Blackstone has bought an 80% stake in an Australian non-bank lender and fund manager, La Trobe Financial, to become its lending platform in Australia.

The US private equity group will work with La Trobe, which manages AUD13bn (€8.4bn) in assets, to push further into Australia’s AUD2.3trn plus residential and commercial mortgage markets.

Greg O’Neill, chief executive of La Trobe, declined to disclose the transaction price, except to say “it is a beautiful number”.

La Trobe, which has a 65-year track record, will hold the remaining 20% stake and will continue to operate under its existing management and brand, with O’Neill continuing to run the company. 

He told IPE Real Assets that, as a majority-owned Blackstone entity, the growth opportunities for La Trobe will primarily be in three areas – traditional mortgages, wealth management, and acquisitions/joint ventures.

La Trobe’s business in residential and commercial mortgage markets in Australia could now be accelerated, he said.

O’Neill pointed out that the outstanding value of residential mortgages in Australia is AUD$1.7bn, and each year around AUD400m in new mortgages is issued.

In addition, the commercial real estate market is valued at around AUD658bn.

The combined commercial and residential mortgage market at AUD2.3trn is bigger that the entire capitalisation of the Australian share market (about AUD1.7trn), making it “a very significant” asset class for a global player, he noted.

Over the past 20-30 years, Australian banks have controlled 93%-94% of the mortgage market, but with the recent rise of non-bank lenders and alternate credit providers, that share is sliding towards 85%.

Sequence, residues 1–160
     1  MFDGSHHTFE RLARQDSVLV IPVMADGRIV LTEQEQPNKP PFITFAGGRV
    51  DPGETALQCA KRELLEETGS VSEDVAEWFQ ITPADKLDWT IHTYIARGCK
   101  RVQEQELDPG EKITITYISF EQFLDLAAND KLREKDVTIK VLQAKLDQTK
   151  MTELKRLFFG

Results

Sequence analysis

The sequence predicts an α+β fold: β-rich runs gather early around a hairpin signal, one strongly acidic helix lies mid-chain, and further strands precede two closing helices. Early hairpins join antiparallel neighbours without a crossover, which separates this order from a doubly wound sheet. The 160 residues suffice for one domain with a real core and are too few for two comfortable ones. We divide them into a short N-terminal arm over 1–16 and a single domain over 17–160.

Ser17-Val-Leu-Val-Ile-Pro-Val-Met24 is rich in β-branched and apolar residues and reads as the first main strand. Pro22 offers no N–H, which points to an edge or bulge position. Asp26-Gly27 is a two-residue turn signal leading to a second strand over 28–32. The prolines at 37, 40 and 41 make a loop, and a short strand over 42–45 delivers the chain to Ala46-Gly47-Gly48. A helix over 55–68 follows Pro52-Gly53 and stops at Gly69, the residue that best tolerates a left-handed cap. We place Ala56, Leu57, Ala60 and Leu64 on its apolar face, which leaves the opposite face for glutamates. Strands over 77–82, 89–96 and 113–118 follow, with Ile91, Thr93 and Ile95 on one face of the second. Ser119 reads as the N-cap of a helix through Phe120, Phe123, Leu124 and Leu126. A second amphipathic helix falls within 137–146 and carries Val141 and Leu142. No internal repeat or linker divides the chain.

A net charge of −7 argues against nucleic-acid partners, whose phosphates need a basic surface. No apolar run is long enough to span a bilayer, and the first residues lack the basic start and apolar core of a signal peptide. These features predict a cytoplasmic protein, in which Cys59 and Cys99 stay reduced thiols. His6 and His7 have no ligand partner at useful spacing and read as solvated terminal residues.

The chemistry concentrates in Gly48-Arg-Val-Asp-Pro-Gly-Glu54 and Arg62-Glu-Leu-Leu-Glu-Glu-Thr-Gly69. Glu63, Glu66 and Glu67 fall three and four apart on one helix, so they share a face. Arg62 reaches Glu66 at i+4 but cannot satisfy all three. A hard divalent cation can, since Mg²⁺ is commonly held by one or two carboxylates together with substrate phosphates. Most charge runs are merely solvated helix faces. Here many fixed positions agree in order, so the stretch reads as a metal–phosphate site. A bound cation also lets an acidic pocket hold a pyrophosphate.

The Australian residential market has cooled as a result of stricter prudential regulations on banks.

The Australian government is also threatening to bring non-lenders under the supervision of its banking watchdog, the Australian Prudential Regulation Authority.

O’Neill told IPE Real Assets that government concerns are understandable because housing affordability has become a major issue in Australia’s tier one cities, like Sydney.

“In Sydney today,” he said, “the average house price-to- income ratio is 10 or 12 times, equivalent to that in London or New York.

And Sydney prices had risen by high double digits for the past two years, until a couple of months ago when the rise slowed to single digit.”

But any tightening by APRA on non-bank lenders is not a concern to La Trobe.

O’Neill said the entire non-bank market is clearly not sizeable enough to have an impact on the cooling process, notwithstanding who owns these businesses.

With Blackstone, La Trobe plans to expand its presence in the wealth management market.

Among its offerings, La Trobe has an AUD2bn credit fund.

“We see the potential to open other products, such as bonds, equities and new wealth management options, to our existing client base,” he said.

The Australian company has annual revenue of AUD335m, services 40,000 customers.

O’Neill said future growth could also come from acquisitions and/or joint ventures with other businesses.

Apart from Australia, La Trobe has offices in China and Hong Kong.

O’Neill said: “Certainly, over the past eight years, we have had a very clear focus on China.

“There is a good business alignment between La Trobe Financial and Blackstone to continue dialogue (with China) and to expand the business footprint of both Latrobe and Blackstone in China,” he said.

Before La Trobe, Blackstone had links with another Melbourne-based firm, Ausin, which is more of an agency servicing foreign, particularly Chinese, buyers.

O’Neill said that Blackstone, as a large global investor, will have multiple streams of execution strategies. La Trobe, he said, is just a part of its strategy for the Asia-Pacific region.